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Part consultancy, part thinktank, part social enterprise, Halcyon helps you prepare for and respond to personal, organisational and societal change.

Halcyon's 52:52:52 campaign on Twitter will help you address 52 issues with 52 responses over 52 weeks.

To be a catalyst is the ambition most appropriate for those who see the world as being in constant change, and who, without thinking that they control it, wish to influence its direction - Theodore Zeldin

Identity

Halcyon Identity Headlines
Identity
Halcyon Identifies 31 May 2019

 

Halcyon curates the most significant identity-related content from carefully selected sources. Please contact us if you'd like our help with identity-related challenges.

What's Changing? - Identity
Identity
Halcyon Identifies 31 May 2019

 

Please see below selected recent identity-related change.

 

See also: Halcyon Identity Headlines

 

May 2019

On the Self
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Halcyon In Kal… 4 March 2019

 

The Ego Trick looked at the 'bundle theory' of the self, and argued that we don't have a permanent essential self, but instead are a bundle of thoughts, sensations and impulses.

Meanwhile, a Harvard clinical psychologist and Tibetan Buddhist scholar, examined the nature of awareness and self.

 

On Xenophilia

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During these dark days of worsening refugee crises, can we still imagine reaching a state of "xenophilia"...overcoming our "homophily", i.e. the love of that which is like us, and reaching the love of that which is different?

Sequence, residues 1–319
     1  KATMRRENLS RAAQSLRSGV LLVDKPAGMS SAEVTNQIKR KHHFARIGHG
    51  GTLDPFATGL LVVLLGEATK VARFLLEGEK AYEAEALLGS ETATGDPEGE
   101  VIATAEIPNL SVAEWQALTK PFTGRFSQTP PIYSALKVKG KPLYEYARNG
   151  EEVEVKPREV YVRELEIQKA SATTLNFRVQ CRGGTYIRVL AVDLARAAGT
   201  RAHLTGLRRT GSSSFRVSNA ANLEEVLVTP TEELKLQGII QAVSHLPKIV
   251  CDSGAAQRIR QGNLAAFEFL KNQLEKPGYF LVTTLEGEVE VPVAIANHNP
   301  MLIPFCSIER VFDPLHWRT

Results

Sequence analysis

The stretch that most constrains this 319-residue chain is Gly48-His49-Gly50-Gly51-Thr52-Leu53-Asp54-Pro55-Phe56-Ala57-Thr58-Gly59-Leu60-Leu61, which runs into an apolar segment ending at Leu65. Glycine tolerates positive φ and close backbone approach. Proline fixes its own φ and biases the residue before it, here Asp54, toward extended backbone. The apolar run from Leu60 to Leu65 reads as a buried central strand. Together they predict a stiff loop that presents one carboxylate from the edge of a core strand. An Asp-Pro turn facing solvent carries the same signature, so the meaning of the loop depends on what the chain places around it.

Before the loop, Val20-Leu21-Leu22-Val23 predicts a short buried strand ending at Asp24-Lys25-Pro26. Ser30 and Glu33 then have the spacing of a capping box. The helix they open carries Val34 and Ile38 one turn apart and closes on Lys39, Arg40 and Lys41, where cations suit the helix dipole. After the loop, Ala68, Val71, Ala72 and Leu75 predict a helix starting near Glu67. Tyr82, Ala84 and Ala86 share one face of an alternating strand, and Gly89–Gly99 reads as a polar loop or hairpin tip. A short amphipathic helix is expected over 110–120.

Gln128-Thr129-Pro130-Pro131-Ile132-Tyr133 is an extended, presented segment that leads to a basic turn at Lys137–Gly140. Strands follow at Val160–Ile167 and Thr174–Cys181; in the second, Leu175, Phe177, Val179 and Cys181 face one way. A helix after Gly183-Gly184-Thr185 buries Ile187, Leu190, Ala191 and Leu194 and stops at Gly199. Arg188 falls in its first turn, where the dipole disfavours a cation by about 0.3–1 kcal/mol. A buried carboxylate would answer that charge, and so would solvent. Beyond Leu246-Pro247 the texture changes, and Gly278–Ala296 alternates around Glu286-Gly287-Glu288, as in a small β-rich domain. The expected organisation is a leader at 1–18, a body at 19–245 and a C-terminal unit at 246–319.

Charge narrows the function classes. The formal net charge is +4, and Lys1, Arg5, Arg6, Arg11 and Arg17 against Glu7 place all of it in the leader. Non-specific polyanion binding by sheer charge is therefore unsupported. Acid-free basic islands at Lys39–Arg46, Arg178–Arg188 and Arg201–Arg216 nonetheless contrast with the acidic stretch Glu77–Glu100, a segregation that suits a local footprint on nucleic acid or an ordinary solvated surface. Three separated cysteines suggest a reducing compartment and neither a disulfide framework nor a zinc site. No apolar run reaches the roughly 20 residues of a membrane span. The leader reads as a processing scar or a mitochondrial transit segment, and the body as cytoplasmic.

Indeed, if we're ever going to care enough about conflict, genocide, poverty, hunger etc. enough to act on them properly, then we need to try much harder to avoid conflict with people we might not yet fully understand.

 

 

What Really Happened? -The 2010s
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Halcyon In Future 31 October 2016

The Institute for the Future published a Ten-Year Forecast in 2010 that it claimed would be a benchmark forecast for the next decade, focusing on five driving themes:

On Music Halcyon In Kal… 29 August 2014

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Indigenous peoples who have never even listened to the radio can nonetheless reportedly pick up on happy, sad, and fearful emotions in Western music.

I read somewhere that the expression of emotions is a basic feature of Western music, whereas in other musical traditions, music has traditionally more often been appreciated for other qualities, such as group coordination in rituals.